They’re wired so tightly.  Those constant rushes of adrenaline in infancy have wired their nervous system to go from 0 to 60 in one second flat.  The adrenaline also stays in their system longer than others (their parasympathetic nervous system is underdeveloped for their needs) so they cannot stop – even when they want to.   The repeated states of fight, freeze or flight have now become ‘most likely responses’ or traits.  They avoid experiences that might make them more resilient or better at self-control and eventually, they are behind in the ability to think before acting and they run through all of the stop signs.  The other kid says, “Stop” and they can’t.  The parent tries to help – and the kid escalates.

The child asks later, “Why didn’t you stop me?”  You respond – “I tried, but you wouldn’t let me.”  Sometimes, trying to stop this child is like stepping in front of a bus.

Back to the Brain

There are good reasons for your child’s current characteristic reactions and ways of handling emotions, even if they have outgrown the obvious signs of sensory processing issues and inconsolability they exhibited earlier on.

This is because the brain is an ‘experience-dependent’ organ.  It requires experience with light and color in order to learn how to see it.  It requires experience with sound in order to learn how to hear, odors in order to learn how to smell and so on.  Each sense requires exposure to its specific stimuli in order to ‘wire up.’  This is called an ‘epigenetic’ process or ‘epigenesis.’

Our DNA only provides us with our genetic potential, not our genetic destiny.  From prenatality to about 2 years old, our brains actually make new neurons (neurogenesis).  By 2 years of age then, all of the cables are provided that we will need for the rest of our lives.  Experience decides which cables to keep, which ones to develop and branch and connect further, and which ones are not needed.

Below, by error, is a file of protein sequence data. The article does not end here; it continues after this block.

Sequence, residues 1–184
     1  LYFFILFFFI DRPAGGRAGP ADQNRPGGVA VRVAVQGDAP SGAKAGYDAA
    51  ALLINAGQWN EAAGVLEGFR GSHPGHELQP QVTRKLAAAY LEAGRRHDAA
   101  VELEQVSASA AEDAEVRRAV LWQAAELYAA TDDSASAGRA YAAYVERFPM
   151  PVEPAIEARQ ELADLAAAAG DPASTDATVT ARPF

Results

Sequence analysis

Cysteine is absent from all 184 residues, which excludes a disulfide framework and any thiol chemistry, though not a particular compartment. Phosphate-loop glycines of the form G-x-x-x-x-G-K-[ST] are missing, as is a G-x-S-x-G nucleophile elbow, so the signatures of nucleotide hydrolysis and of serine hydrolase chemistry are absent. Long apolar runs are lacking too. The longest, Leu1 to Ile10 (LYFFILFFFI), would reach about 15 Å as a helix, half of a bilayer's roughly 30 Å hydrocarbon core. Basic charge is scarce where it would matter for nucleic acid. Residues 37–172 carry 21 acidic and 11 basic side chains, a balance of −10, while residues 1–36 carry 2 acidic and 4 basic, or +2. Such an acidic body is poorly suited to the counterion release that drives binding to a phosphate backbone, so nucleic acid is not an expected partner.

Throughout our lifespan, the brain decides to use the wiring that is already there, and discards a lot of the rest.  Experiences tell us what pathways we will need, which ways to connect them together and use and, which ones to discard or “prune.”  If our brains did not do this (a process called “apoptosis” or “programmed cell death), we would wind up with noisy, inefficiently over-wired brains).  We keep what we need.  This is the reason for instance that people can learn languages well and have perfect accents if they learned the language as children.  In childhood, genes turn on and off pathways that process specific sounds.  If those sounds weren’t in the language you learned as a child – you’ll probably speak with a foreign accent if you learn the language later on.  You never learned to hear the deep subtleties of sound that you are predisposed to learn as children.

Sensory and mood regulation systems work in the same way.  They utilize specific pathways that help us go up and down with our arousal.  Genes turn on and off and pathways are forged by the experiences the brain/body experiences.  Early experiences (and very likely in-utero experiences as well) shape the pathways that will later connect to other systems like the megasystems of pathways that create feelings, emotions, communication and thinking.

I thought it was neurochemistry.  Isn’t that why doctors prescribe medicines for these problems?

Well, it’s about both, because the brain’s pathways also produce the neurochemical messengers that decide where messages go, what thresholds need to be crossed before they will pass along a message, and whether or not to keep using a given pathway.

“Behavioral medicines” – those that influence our moods and behavior, work by changing these thresholds one way or another.  While medicines can be very helpful and lifesaving in some cases, the problem with chemical intervention is that it works on many more pathways than the ones we want them to.  This is why medicines can cause side effects.

Another problem is that medicines really only produce temporary changes.  Indeed, they may allow a child to be more “available” for learning and/or therapy.  Learning and behavioral therapy (therapies that work by interaction between a Therapist and a Patient) create new pathways and may allow the brain to eventually discard some of the problematic old ones.  Another process that actually involves learning is “neurofeedback,” which also changes the wiring of the brain.  Once the wiring is healthier, the neurochemistry is healthier.  This is why it is always best to use learning as the primary force of change, rather than simply medicine.